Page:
"He's had a magnificent career and I'm mighty proud of him," owner Clive Smith told BBC Sport.
"We've decided to retire him as of today. I'd always thought he had done enough. It's been the journey of a lifetime. He's a wonderful, wonderful horse and a good friend of mine."
The decision to retire one of the greatest horses in jump racing history was made after Smith and Nicholls discussed his future on Wednesday morning.
"Clive and I had been talking about it during the summer," Somerset-based Nicholls told BBC Radio 5 live. "We both knew it was the right thing to do, it was an unanimous decision."
Kauto Star had initially looked set for retirement in 2011 after being pulled up at Punchestown.
But, after a summer's rest, he returned to win at Haydock in November before his famous King George triumph.
Archive: On the gallops with Kauto Star
He was then rated only 50-50 for the Gold Cup after he fell in a schooling session three weeks beforehand, but Nicholls was satisfied that he had returned to full fitness for a race won by champion jockey Tony McCoy on Synchronised.
The trainer had considered giving the horse one last run, but said the time was right to retire him.
"We have had nine superb years with the horse but, after seeing him in his work these past few weeks, myself, Clifford [Baker, head lad] and Dan [Skelton, assistant trainer] were of the opinion that the time had arrived to retire him," Nicholls said.
Cornelius LysaghtBBC horse racing correspondent
"Racing's marketing folk are going to have their work cut out with the retirement of Kauto Star coming hot on the heels of Frankel's exit to stud.
The two have done wonders for racing's public profile, particularly 'Kauto' with his endearing ability to bounce back after things went wrong, as well as his big-race successes.
Now the sport is bereft of two charismatic performers within 11 days of each other.
As Kauto Star is spoken of in the same hushed tones as the legendary Arkle (1960s), Red Rum ('70s) and Desert Orchid (late '80s/early '90s), we may now all be in for a bit of a wait for the next jumping great. "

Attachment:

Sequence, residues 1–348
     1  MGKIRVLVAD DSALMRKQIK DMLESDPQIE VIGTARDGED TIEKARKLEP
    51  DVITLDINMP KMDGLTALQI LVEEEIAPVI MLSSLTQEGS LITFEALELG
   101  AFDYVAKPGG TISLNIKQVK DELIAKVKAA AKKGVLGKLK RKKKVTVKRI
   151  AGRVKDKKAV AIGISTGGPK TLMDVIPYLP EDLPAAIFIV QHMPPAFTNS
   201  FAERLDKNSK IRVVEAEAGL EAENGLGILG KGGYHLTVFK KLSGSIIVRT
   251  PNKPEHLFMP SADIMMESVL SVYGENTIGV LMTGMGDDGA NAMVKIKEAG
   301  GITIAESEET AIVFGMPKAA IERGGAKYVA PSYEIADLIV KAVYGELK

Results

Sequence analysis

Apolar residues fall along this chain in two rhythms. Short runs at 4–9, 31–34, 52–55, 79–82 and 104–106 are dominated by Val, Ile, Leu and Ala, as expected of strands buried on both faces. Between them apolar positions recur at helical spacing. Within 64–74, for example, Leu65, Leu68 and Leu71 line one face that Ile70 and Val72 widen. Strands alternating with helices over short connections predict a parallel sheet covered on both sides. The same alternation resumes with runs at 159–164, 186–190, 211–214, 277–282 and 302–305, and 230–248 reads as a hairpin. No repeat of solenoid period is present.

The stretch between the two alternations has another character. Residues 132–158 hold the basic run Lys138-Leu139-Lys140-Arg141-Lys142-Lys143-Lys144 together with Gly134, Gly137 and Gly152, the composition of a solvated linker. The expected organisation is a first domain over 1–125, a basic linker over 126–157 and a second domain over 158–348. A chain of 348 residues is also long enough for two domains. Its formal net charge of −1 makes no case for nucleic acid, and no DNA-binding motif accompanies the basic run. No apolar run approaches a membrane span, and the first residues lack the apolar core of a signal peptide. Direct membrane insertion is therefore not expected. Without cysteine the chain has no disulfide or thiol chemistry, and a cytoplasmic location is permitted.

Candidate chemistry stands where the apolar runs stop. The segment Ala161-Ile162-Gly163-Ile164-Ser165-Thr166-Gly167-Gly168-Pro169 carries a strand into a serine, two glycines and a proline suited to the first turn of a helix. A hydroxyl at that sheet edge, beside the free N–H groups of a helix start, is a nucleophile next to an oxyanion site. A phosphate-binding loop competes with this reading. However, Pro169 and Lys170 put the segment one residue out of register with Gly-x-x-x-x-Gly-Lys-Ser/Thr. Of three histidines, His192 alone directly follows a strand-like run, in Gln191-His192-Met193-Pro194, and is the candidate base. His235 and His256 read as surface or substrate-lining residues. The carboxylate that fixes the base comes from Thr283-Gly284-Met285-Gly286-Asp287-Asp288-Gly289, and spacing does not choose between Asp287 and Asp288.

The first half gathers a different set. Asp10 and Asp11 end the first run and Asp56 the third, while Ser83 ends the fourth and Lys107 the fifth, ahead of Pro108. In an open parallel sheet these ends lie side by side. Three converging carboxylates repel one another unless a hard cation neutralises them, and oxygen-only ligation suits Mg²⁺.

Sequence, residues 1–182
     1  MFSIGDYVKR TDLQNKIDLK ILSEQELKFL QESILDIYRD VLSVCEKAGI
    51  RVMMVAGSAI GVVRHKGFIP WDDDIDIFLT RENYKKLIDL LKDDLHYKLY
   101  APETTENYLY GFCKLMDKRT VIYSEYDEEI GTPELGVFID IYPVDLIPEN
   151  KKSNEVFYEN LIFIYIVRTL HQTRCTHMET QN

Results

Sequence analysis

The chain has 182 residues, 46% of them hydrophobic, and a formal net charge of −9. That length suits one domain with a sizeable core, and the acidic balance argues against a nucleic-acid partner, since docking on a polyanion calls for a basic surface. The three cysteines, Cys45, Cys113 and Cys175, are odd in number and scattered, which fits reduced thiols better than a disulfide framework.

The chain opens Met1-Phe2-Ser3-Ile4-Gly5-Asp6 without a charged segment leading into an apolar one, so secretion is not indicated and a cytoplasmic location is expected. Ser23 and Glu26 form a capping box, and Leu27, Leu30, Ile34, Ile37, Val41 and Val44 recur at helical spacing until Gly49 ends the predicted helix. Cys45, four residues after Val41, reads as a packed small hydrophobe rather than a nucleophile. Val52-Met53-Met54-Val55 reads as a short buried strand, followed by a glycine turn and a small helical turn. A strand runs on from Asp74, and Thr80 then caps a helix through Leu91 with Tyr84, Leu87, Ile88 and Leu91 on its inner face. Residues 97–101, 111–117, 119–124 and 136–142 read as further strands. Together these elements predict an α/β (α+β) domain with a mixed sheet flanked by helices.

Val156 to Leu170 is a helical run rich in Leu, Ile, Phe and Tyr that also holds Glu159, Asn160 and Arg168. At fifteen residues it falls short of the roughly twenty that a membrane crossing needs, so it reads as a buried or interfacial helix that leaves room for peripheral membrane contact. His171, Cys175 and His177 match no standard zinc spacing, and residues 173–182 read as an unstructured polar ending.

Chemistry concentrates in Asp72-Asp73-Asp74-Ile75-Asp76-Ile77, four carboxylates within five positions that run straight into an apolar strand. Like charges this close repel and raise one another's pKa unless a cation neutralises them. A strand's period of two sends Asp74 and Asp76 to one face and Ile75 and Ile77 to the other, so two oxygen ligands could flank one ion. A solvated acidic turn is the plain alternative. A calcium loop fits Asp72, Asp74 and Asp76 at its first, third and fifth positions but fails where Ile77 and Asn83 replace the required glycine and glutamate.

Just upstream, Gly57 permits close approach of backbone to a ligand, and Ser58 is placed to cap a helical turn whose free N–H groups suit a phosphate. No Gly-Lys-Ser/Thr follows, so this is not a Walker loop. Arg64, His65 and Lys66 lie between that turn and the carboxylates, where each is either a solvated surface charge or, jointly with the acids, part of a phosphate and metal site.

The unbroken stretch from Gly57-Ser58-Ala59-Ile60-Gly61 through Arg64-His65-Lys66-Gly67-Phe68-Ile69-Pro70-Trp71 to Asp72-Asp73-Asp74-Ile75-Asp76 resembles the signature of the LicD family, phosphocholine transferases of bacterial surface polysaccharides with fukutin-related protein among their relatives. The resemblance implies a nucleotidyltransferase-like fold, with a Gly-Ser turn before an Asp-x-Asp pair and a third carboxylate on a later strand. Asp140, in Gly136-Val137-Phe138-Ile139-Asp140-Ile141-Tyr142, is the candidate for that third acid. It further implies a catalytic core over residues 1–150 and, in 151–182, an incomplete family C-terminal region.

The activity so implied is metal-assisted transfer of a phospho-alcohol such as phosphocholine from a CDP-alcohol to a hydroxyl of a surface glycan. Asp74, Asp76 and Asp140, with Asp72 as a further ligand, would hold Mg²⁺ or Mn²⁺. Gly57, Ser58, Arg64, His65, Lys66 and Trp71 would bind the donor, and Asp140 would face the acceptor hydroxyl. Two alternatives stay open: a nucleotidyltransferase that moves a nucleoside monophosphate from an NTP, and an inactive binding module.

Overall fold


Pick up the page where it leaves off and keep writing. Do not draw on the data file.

"Of course, as owner, the final decision rested with Clive, but he agreed that the horse had done enough."
Nicholls told BBC Points West: "He's definitely one of the greatest, it's hard to compare generations but in my lifetime he's been the best and probably will be the best."
Smith said Kauto Star will be paraded on Boxing Day at Kempton Park, the track where he won the King George in 2006, 2007, 2008, 2009 and 2011.
Regular jockey Ruby Walsh, who guided Kauto Star to 17 of his 23 career wins, said he had been "very lucky" to ride him.
"He's the horse of my lifetime. I'm very lucky to be the one who got to ride him," he told Racing UK.
"He was an amazing horse to ride and an amazing horse to be part of and I loved every minute of riding him."
Mick Fitzgerald, who rode Kauto Star to his first Grade One victory in the 2005 Tingle Creek Chase at Sandown, added: "It's great news he's been retired as he can now go and enjoy the rest of his life.
"You'd have to say Kauto Star is right up there with the best [there's ever been]."
The gelding is likely to stay at the Nicholls yard until the end of the year before being moved to stables near Smith's Surrey home for his retirement.
"Ninety per cent of the people who came up to me during the summer wanted the horse to be retired. It's by far the most popular decision we could have made," added Smith.
This page is best viewed in an up-to-date web browser with style sheets (CSS) enabled. While you will be able to view the content of this page in your current browser, you will not be able to get the full visual experience. Please consider upgrading your browser software or enabling style sheets (CSS) if you are able to do so.